Make Your Own Organic Sunscreen

cold treats at the beach sunscreenGetting burned?  Make your own organic sunblock. [image via: Gadi Yosef]

It’s mid-July in the Middle East, and unless you plan on being a hermit in an air conditioned cave for the next few months you’re bound to get hit by some serious rays of sun.  Sooner or later, you’ve gotta go to work, buy groceries, buy ice cream, and socialize.  And when you do, you should be protected.  If you’re feeling ambitious and crafty, why not protect yourself with some homemade organic sunscreen?  It’s less complicated than you think to make.

To make your sunscreen you will need:

  • a water pot
  • empty aluminum can
  • 2 tablespoons coconut oil
  • a few drops of tea tree oil
  • 2 tablespoons bee’s oil
  • 2 tablespoons zinc oxide
  • sealed container to store the sunscreen in (like a glass jar)

Watch the video below to see what to do with those materials:

The next steps?  Coat your skin generously with your awesome homemade sunscreen, and show that Middle Eastern sun who’s boss!

Read more about sunscreen and the beach:
Ingestible Sunscreen by LycoRed’s Based on Tomatoes So You Don’t Become One
Chemicals and Your Baby’s Skin: Ecomum at the Pharmacy
Israel Cleans Up Its Act and Recycles Its Beach Waste

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9 thoughts on “Make Your Own Organic Sunscreen”

  1. Ela says:

    Well, I was almost glad when I saw this recipie, but looking at the side lines (could’t help it) I saw This..
    “According to Canada’s National Post and Britain’s Sky News Israel has a mermaid and she is causing quite a stir. The reported half female human, half dolphin creature has been sighted by sources independent of each other ..”

    I lost interest. I don’t know..I just feel that anything associated with those type of stories on the same page, can’t be credible.
    Sorry. don’t mean to offend.

  2. Misty B. says:

    I was wondering about the zinc oxide….is it in a pure form or is it like the over the counter, that has other components to it???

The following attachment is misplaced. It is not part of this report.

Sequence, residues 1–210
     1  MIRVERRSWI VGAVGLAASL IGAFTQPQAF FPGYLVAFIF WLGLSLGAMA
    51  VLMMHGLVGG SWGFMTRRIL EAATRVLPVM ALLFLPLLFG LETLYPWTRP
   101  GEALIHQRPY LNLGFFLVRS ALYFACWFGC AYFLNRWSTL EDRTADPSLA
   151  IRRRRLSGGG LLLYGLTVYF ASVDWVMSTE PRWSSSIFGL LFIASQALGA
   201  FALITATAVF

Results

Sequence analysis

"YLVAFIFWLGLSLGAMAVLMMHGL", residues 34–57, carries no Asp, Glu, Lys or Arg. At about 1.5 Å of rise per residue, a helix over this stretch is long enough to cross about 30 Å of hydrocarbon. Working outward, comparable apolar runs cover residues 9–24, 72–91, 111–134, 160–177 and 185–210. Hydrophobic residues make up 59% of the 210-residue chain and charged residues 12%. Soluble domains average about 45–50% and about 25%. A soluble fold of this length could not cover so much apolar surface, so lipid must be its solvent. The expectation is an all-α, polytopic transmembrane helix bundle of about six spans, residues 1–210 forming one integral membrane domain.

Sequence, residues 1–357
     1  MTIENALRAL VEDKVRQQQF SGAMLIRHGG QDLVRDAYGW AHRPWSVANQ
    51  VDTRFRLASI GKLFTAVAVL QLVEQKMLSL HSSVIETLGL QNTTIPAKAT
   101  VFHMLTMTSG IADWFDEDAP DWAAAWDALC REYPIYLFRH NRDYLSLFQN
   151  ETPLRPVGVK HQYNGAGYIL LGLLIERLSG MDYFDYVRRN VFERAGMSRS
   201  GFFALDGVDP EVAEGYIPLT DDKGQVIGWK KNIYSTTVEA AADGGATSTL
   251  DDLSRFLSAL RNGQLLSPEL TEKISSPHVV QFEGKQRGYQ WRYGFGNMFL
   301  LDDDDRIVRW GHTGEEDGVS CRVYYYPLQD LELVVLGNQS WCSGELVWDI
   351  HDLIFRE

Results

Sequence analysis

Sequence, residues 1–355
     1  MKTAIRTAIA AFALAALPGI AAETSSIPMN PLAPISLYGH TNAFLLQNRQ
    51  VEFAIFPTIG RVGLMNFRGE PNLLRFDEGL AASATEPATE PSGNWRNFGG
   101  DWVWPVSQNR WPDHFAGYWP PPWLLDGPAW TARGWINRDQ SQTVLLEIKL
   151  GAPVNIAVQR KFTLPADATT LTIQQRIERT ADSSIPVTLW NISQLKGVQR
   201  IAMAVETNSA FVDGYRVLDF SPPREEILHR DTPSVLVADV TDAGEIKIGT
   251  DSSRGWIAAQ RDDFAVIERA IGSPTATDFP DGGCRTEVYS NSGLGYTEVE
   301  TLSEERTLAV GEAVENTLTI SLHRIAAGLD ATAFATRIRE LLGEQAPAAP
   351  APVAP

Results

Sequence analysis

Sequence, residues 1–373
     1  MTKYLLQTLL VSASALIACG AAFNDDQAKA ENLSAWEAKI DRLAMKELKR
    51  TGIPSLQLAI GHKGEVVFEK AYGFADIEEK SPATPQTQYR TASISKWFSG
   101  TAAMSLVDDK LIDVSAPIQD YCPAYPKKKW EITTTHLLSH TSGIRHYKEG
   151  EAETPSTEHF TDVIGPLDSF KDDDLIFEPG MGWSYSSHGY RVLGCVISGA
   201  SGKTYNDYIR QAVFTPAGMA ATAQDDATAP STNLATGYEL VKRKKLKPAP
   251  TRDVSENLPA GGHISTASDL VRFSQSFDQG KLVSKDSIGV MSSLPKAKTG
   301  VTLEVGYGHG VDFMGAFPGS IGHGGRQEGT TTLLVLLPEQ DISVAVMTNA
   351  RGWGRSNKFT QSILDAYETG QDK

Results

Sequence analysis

3. Saran says:

    BPA lines many food cans today, beware.

  4. Great videos. Really it’s very easy to make a sunscreen at home. I will try it.

  5. Caralien says:

    1) I’m kind of sick of the anti-sunscreen zealots. There are many members of my family who have had plenty of Vitamin D in their lives as well as skin cancer removed from their bodies. Skin cancer is real people.

    2) I have worn sunscreen on my face for 25 years. Yes, it was the artificial/chemical stuff until 3 years ago, but guess what–I look a hell of a lot younger than most of my peers, and I’m 37 and pale

    3) I don’t put sunscreen on my legs and wear skirts as soon as the weather hits 60F. The legs like it, and I don’t have to worry about aging

    4) The “bad” and useless stuff in modern sunscreens are the preservatives (parabens), fragrances, and anything that isn’t non-nano zinc oxide or titanium dioxide. You’re welcome, and now you know.

    5) Thanks for the article and recipe

  6. Tinamarie, it’s bad to burn, but in theory a sunscreen can protect you from burns but not from cancer.

  7. Very useful especially after the news a few weeks ago about how bad some sunscreens are. From my understanding, the worst thing is to burn, so it seems prudent to wear sunscreen if you plan on being outdoors for long. But I have to admit that I don’t wear it, and haven’t for a long time, and prefer to wear hats and long clothing. Same with my kids. I keep them away from the direct, hottest days, and protect their skin with clothing. Why? I don’t know other than to say that I’ve always had this strange suspicion that we weren’t understanding the whole story about sun, suncreen and our health. Kind of like the whole butter vs. margarine debates from ages ago, or the sugar-sugar substitute stuff that’s also come to light.

  8. A person needs about 5 minutes exposure to the sun to activate vitamin D. This can be achieved by indirect exposure to sun, as far as I’ve learned.

  9. zohar says:

    Don’t use sunscreen! It contributes to Vitamin D deficiency — very serious and common. In fact, consider having your vitamin d checked, and get plenty of light on lots of skin. If you are going to get burnt, cover up with clothing and a hat.

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